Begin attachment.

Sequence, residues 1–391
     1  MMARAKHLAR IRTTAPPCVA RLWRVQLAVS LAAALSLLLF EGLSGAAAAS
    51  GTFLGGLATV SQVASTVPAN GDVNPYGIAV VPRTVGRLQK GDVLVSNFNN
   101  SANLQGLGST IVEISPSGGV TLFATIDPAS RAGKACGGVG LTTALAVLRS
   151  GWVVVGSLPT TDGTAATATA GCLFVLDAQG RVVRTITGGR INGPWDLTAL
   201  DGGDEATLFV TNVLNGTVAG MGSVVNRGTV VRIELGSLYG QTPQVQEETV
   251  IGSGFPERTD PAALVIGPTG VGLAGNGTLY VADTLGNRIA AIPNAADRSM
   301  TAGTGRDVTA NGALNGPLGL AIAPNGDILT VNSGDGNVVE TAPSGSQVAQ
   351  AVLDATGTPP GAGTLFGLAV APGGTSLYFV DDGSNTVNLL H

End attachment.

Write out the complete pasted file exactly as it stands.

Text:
Sequence, residues 1–391
     1  MMARAKHLAR IRTTAPPCVA RLWRVQLAVS LAAALSLLLF EGLSGAAAAS
    51  GTFLGGLATV SQVASTVPAN GDVNPYGIAV VPRTVGRLQK GDVLVSNFNN
   101  SANLQGLGST IVEISPSGGV TLFATIDPAS RAGKACGGVG LTTALAVLRS
   151  GWVVVGSLPT TDGTAATATA GCLFVLDAQG RVVRTITGGR INGPWDLTAL
   201  DGGDEATLFV TNVLNGTVAG MGSVVNRGTV VRIELGSLYG QTPQVQEETV
   251  IGSGFPERTD PAALVIGPTG VGLAGNGTLY VADTLGNRIA AIPNAADRSM
   301  TAGTGRDVTA NGALNGPLGL AIAPNGDILT VNSGDGNVVE TAPSGSQVAQ
   351  AVLDATGTPP GAGTLFGLAV APGGTSLYFV DDGSNTVNLL H